There’s a lot of Ford Ranger in Mazda’s BT-50, which by and large is a good thing

Australian Transport News - - UTE MEGATEST -

This is Mazda’s new-look 2018 BT-50, com­plete with a fron­tend styling treat­ment that, quite un­usu­ally, is ex­clu­sive to Aus­tralian mod­els. It comes with ex­tra equip­ment, es­pe­cially for the en­try-level XT, but also in­cludes the ad­di­tion of the pop­u­lar smart­phone apps across all mod­els. This re­fresh fol­lows the MY16 up­grade that also com­prised a front-end restyle and equip­ment ad­di­tions.

This on­go­ing restyling to the BT-50’s front end says what ev­ery Mazda dealer in the coun­try was think­ing when the BT-50 and the co-de­vel­oped Ford Ranger first ar­rived here in late 2011, namely: “Bug­ger … wish our ute looked like their ute!”

De­spite be­ing as good as me­chan­i­cally iden­ti­cal when they both first ar­rived, and still very sim­i­lar fol­low­ing their re­spec­tive MY16 up­grades, the BT-50 has never sold in the num­bers of the Ranger, de­spite be­ing less ex­pen­sive. Right now, for ex­am­ple, the Ranger 4x4 out­sells the BT-50 4x4 about four to one.

For Mazda, the 2011 BT-50 rep­re­sented a de­sign about­face as, up un­til this time (and even with the first ute to carry the BT-50 name­plate), Mazda de­signed and de­vel­oped its own light com­mer­cials, which Ford then re­badged.

In this case, it was Ford lead­ing the de­sign and devel­op­ment and Mazda fol­low­ing on.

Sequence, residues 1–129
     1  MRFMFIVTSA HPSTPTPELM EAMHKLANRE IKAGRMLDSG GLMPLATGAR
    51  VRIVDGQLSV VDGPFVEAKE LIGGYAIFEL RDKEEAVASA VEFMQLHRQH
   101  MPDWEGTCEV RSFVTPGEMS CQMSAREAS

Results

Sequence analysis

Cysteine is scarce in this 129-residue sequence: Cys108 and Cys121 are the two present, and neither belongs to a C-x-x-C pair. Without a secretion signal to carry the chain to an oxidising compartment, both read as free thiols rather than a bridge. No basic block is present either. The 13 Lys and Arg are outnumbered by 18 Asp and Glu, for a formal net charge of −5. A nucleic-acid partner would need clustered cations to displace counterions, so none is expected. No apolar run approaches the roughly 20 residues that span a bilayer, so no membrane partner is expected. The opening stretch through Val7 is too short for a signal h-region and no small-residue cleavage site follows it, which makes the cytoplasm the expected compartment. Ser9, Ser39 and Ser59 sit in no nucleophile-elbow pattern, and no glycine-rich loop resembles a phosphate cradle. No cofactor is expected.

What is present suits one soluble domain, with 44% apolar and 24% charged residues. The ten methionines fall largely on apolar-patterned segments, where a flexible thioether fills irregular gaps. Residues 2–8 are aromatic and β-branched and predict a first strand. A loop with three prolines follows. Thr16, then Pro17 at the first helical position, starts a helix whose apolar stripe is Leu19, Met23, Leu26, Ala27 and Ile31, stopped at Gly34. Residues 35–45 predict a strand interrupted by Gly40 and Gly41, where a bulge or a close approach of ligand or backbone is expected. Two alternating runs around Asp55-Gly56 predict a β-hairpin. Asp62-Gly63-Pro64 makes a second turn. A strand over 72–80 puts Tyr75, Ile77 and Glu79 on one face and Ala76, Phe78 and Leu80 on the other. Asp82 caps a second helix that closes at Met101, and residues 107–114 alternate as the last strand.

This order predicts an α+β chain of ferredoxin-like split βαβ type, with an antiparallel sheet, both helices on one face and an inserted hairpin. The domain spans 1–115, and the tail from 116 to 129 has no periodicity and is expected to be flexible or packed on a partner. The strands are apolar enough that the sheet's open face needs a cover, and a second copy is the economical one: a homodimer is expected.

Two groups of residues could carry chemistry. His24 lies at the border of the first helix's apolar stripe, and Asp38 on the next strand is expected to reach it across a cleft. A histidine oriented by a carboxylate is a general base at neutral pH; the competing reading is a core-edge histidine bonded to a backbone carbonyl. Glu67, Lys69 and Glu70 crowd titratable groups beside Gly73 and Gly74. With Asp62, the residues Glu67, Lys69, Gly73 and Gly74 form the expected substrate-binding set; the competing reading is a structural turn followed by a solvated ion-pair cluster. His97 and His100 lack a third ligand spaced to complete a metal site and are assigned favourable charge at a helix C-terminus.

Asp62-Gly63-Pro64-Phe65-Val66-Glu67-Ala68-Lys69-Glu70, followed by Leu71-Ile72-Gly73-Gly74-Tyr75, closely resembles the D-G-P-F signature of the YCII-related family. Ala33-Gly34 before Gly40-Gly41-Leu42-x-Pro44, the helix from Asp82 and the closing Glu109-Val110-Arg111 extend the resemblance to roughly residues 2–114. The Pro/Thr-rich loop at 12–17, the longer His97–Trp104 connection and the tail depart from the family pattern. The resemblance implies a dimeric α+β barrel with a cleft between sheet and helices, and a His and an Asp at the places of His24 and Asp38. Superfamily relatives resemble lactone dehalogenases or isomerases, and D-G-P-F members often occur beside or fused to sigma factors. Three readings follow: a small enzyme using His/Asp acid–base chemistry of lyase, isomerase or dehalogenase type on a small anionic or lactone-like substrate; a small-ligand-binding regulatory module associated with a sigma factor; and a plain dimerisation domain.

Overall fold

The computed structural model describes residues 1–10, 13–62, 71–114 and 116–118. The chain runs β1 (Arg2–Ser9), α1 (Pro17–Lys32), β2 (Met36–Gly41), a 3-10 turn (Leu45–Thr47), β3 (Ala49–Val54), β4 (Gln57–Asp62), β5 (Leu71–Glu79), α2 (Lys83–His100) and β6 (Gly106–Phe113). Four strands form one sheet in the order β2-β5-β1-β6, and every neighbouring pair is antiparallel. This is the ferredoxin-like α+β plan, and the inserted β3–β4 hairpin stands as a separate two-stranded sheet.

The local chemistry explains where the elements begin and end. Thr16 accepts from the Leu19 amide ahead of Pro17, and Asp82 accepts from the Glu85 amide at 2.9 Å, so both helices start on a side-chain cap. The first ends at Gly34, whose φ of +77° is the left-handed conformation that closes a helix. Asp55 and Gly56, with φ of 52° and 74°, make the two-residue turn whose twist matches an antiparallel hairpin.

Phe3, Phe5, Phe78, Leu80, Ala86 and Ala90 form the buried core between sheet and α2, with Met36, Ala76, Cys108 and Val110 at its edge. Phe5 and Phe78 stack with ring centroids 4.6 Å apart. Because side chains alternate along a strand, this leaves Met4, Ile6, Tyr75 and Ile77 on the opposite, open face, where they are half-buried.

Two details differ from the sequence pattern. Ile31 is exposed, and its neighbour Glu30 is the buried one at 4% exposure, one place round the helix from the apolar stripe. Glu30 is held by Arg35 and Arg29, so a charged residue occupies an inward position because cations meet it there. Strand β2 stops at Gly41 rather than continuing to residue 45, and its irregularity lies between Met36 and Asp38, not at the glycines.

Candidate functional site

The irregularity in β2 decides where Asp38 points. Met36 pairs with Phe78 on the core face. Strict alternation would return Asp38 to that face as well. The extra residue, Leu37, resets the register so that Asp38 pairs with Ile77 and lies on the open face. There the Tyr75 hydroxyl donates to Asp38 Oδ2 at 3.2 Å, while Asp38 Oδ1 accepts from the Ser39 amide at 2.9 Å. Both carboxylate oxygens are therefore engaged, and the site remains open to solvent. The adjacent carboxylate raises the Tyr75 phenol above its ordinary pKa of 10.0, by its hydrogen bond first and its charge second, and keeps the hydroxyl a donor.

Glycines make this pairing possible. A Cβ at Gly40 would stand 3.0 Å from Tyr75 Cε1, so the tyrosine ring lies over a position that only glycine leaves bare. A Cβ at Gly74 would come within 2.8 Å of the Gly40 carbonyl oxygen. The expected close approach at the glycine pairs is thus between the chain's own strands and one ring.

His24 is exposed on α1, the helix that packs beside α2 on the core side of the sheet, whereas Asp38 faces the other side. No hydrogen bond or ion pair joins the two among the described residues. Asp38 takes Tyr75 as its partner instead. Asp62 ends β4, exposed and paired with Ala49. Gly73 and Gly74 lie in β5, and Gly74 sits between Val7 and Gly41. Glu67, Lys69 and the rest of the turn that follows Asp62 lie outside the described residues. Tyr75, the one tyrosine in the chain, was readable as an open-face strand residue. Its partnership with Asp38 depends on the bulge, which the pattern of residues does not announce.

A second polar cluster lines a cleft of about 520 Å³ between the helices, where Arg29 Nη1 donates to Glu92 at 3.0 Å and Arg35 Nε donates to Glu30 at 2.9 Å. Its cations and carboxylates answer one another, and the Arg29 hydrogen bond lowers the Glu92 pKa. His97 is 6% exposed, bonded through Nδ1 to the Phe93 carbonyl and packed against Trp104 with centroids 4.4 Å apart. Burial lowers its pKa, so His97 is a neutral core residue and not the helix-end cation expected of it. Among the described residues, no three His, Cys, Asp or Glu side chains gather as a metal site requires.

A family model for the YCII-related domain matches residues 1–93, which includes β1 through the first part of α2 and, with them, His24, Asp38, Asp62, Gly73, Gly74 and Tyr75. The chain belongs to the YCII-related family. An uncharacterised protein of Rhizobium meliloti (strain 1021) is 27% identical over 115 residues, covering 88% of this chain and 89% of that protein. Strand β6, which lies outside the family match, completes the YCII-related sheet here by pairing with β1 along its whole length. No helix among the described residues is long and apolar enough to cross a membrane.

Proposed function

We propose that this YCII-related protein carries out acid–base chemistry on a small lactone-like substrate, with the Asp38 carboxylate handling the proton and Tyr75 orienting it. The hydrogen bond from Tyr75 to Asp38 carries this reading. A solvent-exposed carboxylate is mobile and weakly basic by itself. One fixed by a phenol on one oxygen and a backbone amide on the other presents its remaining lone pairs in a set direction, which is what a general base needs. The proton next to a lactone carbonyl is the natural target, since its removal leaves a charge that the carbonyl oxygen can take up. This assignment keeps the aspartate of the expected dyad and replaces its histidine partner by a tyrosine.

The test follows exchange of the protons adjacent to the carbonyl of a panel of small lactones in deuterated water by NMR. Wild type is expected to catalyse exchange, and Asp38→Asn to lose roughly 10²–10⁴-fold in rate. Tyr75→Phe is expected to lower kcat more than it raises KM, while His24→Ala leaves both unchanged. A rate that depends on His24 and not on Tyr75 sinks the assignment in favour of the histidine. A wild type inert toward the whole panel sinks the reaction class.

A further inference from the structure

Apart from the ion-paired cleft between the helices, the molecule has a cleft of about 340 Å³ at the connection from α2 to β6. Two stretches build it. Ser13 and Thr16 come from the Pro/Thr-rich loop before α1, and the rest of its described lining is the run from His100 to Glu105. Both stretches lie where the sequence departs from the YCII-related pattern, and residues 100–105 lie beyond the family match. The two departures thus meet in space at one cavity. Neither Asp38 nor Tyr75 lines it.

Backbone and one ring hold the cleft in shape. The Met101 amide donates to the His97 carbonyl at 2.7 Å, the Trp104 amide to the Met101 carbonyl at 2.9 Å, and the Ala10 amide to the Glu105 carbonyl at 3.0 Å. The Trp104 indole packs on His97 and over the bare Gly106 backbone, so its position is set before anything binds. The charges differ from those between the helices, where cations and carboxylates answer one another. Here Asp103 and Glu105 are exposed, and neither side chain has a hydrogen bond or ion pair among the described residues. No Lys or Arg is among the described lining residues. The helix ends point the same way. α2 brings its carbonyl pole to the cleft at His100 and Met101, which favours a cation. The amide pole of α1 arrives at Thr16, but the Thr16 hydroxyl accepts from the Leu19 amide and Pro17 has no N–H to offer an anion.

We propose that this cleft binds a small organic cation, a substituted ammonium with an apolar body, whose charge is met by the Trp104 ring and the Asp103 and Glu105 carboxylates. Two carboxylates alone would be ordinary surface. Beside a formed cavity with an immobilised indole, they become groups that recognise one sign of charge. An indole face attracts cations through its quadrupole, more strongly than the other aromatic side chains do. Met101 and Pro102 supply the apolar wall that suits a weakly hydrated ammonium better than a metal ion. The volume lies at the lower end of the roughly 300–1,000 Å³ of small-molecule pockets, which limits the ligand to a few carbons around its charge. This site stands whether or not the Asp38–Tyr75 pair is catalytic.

As with many things, the BT-50 shares the same ba­sic en­gine of the Ranger, namely its 3.2-litre in­line five-cylin­der diesel, which is a ma­jor pos­i­tive in a mar­ket dom­i­nated by smaller-ca­pac­ity four-cylin­der en­gines. Big­ger ca­pac­ity al­ways means more-eas­ily de­vel­oped torque, which is al­ways a good thing when there’s work to be done.

Sig­nif­i­cantly, for the re­spec­tive 2016 up­dates, Ford car­ried out a num­ber of up­grades not adopted by Mazda. While both en­gines still claim the same

max­i­mum power and torque (147kW/197hp and 470Nm) the Ford achieves its 470Nm ear­lier and pro­duces it for longer.

This BT-50’s en­gine is still low revving, lazy (in a good way) and gen­er­ally ef­fort­less, although not quite as flex­i­ble as that of the Ranger. It’s also a lit­tle nois­ier than the Ranger and one of the gruffer en­gines here. But aside from a be­ing a lit­tle lumpy at idle, it’s also smooth run­ning given that an in­line five is in­her­ently smoother than an in­line four, de­spite hav­ing an odd num­ber of cylin­ders.

The en­gine is also well served by its six-speed au­to­matic (orig­i­nally a ZF de­sign) and fi­nal drive gear­ing, which is tall and re­laxed with­out be­ing so tall that the en­gine strug­gles to hold top gear at high­way speeds on un­du­lat­ing roads.


Like the Ranger, the BT-50’s han­dling char­ac­ter­is­tics are more about sta­bil­ity than agility and come with well-sorted sus­pen­sion that’s well matched front to rear even when un­laden. As with the Ranger, the BT-50 feels like a big ute – mainly be­cause it is! One key dif­fer­ence to the oth­er­wise sim­i­lar Ranger is